LDN 1795, a Dark Nebula
Sketch and Details by Dave Riddle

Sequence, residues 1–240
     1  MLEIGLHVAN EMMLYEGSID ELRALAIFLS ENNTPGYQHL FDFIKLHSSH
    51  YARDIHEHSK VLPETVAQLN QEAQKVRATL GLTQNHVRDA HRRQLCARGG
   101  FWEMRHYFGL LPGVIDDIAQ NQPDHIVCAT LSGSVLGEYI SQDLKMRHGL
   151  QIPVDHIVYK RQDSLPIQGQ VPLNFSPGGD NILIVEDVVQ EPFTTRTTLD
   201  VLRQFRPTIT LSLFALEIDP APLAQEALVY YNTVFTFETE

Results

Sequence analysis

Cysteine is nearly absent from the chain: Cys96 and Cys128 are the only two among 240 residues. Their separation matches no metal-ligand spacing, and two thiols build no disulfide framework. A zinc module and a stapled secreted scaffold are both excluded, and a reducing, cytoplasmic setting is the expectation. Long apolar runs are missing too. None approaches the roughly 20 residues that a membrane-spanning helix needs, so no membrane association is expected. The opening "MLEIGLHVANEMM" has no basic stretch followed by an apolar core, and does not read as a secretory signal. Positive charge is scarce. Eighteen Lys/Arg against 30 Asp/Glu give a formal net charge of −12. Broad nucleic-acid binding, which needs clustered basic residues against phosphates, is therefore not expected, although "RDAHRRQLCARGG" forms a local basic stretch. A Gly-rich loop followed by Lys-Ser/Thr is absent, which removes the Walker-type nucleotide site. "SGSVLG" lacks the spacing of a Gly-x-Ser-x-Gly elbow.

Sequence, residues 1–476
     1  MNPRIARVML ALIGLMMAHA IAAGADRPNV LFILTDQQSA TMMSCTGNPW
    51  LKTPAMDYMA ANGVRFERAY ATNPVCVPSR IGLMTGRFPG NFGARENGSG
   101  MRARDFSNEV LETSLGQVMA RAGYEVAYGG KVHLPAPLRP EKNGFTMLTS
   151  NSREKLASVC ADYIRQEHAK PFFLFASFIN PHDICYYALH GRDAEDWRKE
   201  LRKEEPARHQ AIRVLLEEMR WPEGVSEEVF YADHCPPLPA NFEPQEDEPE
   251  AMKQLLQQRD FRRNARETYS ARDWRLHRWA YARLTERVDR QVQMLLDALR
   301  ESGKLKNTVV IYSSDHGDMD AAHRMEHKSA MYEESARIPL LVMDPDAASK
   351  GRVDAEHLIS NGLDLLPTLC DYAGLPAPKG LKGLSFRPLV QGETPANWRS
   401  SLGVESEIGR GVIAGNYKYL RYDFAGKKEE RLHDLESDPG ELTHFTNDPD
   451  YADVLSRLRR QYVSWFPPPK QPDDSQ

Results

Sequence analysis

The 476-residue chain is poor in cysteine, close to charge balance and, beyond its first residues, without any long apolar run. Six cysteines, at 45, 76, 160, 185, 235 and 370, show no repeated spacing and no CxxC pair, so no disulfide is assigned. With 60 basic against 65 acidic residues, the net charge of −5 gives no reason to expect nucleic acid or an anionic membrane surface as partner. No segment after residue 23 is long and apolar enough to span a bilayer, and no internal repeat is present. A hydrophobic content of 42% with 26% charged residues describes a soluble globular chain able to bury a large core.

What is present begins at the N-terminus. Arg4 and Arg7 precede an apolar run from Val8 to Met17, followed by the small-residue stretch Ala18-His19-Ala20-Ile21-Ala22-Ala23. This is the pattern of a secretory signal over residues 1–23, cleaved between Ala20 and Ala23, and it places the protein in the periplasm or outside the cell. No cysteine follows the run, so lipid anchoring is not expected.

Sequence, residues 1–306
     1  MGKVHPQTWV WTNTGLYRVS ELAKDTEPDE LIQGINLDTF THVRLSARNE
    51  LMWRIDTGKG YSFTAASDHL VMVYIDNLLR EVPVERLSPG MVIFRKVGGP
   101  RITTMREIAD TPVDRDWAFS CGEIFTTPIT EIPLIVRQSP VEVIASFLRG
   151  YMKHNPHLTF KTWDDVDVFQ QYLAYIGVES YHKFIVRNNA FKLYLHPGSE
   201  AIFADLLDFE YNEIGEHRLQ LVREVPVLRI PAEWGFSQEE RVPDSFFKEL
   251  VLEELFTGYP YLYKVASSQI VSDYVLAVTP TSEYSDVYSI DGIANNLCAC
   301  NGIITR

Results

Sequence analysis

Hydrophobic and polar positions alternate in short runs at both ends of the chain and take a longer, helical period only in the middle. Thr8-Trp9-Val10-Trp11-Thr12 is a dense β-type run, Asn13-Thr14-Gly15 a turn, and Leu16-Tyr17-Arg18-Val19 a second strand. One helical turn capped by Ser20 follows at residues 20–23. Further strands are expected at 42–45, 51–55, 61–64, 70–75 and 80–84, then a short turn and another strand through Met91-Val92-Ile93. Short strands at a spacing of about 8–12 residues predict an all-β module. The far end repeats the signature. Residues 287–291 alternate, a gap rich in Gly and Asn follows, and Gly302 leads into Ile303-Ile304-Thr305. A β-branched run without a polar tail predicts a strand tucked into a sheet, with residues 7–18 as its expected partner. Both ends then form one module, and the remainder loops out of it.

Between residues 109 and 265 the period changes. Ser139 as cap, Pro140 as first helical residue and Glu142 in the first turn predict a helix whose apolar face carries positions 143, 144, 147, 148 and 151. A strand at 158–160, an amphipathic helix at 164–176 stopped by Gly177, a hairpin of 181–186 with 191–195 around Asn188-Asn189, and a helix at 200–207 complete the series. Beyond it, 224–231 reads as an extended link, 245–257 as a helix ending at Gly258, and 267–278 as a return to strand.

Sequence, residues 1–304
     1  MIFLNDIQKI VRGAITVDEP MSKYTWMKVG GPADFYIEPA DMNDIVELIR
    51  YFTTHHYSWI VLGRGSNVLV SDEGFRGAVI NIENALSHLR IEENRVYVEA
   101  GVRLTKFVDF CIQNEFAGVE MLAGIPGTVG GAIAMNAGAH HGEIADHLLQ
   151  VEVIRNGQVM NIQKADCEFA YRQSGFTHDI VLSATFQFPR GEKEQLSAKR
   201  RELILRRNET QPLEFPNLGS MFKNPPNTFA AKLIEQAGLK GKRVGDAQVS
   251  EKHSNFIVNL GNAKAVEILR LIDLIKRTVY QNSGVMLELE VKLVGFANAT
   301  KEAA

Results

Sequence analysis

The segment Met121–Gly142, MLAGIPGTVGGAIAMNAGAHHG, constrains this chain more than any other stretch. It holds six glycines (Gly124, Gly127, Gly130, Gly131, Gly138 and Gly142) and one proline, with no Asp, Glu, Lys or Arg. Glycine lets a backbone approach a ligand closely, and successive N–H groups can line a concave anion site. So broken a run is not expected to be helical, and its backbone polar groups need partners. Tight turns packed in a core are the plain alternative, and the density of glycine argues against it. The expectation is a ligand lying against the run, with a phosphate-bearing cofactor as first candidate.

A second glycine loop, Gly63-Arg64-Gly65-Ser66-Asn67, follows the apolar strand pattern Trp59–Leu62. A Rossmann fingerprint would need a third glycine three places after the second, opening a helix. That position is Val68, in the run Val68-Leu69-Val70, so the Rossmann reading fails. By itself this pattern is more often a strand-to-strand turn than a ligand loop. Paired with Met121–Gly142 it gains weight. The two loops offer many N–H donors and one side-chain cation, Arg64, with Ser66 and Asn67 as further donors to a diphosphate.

Located only two and one half degrees SE of the Galactic center, LDN 1795 may be one of the finest dark nebulae visible in small telescopes. Appearing as a prominent dark spot in my 11×80 finder, this dust cloud lies in front of the Great Sagittarius star cloud and exhibits an unusual shape as seen through my 18″ reflector at ~110x (20mm Nagler). I saw this inky cloud as either a horse’s head or the head of a Great Dane (making this cloud a kind of celestial Rorschach inkblot test!). John Herschel thought this field to be so extraordinary that he recorded two prominent “clusters” (now recognized as very dense Milky Way fields) in his Cape observation notebook. However, the concept of an obscuring cloud eluded him, although he would later admit that imperfectly transparent regions of space might exist. The idea of dark nebulae can be dated back to the mid-1700’s but it was clearly an idea ahead of its time. The digital drawing was done from a rude pencil sketch I made on the evening of July 21, 1998 from the dark rural skies of Panacea, Florida. As many of you know, drawing a dark nebula presents a challenge to the observer. Photoshop allows me to dispense with my pencil and eraser to make a finished drawing. With practice, I may get it right one of these days (nights)!